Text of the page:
Sunday, June 12, 2011

Tekoa: There and Back Again

Last week I experienced the second most surreal experience of my life when I returned, after a 14 year absence, to Tekoa, a small settlement on which I lived from 1992 to 1997.

Tekoa is a mixed community of secular and religious Jews out in the boondocks of the West Bank; at least, it felt like it was out in the boondocks when I lived there. One had to drive through parts of Bethlehem and Beit Sahour to get there. The first noticeable change is a new road that connects Tekoa to the recent Jerusalem expansion of Har Homa; it's now a 12 minute straight drive from Jersualem without passing through an Arab village.

On approaching and entering Tekoa, I experienced alternate waves of deja vu for things that I remembered to be in their "right" location - a house, a parking lot, a tree, etc. - and anti-deja vu for things that were out of place - a house erected outside of the security gate that did not belong there, i.e. I remember there being an empty space there, and it seemed wrong for there to be a house there instead.

The waves continued upon seeing the people over 40 and the interiors of the houses of my friends' and of my own former house (it was so much smaller than I remembered). I didn't know anyone under 20, of course, and could only vaguely identify a few people ages 20 to 40.

Other than the few families that had left the yishuv, and that former children were now parents with their own children, the people I remember from 14 years ago appeared to be nearly the same as I remembered them. They looked a little greyer or rounder, but they had the same spouses, the same jobs, lived in the same houses, moved, acted, and talked the same, etc. I sat among a large group of these people and would not have been able to point out a difference between now and a gathering held 15 years ago, were it not for the grandchildren wandering around.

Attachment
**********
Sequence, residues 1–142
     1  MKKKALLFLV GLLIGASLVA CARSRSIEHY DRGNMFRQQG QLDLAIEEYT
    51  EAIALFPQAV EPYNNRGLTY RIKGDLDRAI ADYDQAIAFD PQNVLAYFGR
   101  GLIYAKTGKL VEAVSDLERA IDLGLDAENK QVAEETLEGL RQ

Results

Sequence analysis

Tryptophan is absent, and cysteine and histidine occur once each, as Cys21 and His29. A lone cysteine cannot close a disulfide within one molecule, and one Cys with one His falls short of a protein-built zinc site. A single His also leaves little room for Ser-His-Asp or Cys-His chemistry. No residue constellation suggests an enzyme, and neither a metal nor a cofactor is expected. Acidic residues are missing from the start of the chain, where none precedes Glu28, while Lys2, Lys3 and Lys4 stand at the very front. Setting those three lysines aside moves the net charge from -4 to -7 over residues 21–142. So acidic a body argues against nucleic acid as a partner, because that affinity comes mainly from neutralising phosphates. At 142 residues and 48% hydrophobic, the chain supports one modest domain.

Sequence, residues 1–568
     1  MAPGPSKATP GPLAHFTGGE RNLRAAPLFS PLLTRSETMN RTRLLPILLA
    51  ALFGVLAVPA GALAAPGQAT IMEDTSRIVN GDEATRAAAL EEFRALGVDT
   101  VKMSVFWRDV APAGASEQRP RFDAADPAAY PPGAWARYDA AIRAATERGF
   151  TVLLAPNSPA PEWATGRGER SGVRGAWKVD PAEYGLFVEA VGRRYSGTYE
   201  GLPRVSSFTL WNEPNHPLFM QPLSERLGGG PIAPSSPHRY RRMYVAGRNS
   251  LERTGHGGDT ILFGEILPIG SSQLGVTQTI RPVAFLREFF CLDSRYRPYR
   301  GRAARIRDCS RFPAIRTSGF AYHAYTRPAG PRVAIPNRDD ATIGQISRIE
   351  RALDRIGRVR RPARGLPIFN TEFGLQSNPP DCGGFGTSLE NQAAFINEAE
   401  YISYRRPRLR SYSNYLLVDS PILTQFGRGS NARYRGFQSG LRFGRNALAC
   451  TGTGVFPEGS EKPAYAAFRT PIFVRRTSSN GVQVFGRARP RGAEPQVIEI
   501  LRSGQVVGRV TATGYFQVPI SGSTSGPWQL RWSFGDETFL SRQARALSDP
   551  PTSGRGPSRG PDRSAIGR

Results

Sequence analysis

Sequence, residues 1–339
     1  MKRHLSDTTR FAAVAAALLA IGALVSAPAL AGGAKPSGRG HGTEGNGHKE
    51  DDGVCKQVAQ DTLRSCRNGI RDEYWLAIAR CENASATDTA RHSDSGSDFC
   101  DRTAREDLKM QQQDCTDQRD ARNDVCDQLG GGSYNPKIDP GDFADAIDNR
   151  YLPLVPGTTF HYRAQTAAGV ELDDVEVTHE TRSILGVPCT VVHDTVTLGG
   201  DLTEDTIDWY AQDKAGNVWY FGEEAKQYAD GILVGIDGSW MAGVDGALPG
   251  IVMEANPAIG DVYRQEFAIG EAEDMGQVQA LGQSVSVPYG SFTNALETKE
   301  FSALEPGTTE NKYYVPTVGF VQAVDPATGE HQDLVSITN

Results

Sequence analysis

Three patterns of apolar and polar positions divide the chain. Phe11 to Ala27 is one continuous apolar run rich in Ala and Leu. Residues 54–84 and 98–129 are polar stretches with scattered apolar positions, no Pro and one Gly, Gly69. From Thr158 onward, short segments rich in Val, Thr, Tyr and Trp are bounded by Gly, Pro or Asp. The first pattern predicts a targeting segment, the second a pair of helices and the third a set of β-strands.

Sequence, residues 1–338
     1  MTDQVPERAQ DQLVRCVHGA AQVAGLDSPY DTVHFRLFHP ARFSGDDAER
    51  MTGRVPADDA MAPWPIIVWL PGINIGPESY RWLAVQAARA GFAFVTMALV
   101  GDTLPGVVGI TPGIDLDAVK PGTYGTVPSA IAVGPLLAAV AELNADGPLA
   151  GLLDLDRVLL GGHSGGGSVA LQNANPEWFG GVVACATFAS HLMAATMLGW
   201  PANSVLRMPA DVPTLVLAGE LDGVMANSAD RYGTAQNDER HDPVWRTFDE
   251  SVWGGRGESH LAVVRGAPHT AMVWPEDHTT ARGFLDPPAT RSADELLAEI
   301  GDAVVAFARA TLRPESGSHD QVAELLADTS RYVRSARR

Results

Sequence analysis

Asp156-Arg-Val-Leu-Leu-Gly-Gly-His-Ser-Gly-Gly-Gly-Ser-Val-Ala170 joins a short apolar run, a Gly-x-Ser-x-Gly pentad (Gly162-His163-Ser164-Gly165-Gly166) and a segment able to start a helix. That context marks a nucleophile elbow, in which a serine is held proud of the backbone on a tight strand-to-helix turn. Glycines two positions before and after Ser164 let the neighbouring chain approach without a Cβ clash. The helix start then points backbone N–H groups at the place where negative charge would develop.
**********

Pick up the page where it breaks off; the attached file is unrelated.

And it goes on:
I think my sense of surreal came from the contrast between my own life and theirs. They live in a community situated in a supposed political maelstrom, a community that had grown from 200 families to 500 with more on the way, yet I felt surrounded by stability. I asked one of my friends what he done in the 14 years since I'd been gone, and he said, "I read the newspaper". In the meantime, I had moved to the "stable" area of the country and had since moved twice, remarried and divorced, and am about to move again.

They must be doing something right.

2 comments:

Poet said...

I like everything except the last line. When someone's answer to what he's done for the past 14 years, he is certainly *not* doing it right.

At least, that's my opinion.

Yehuda said...

Poet: I didn't say they're doing everything right.

Yehuda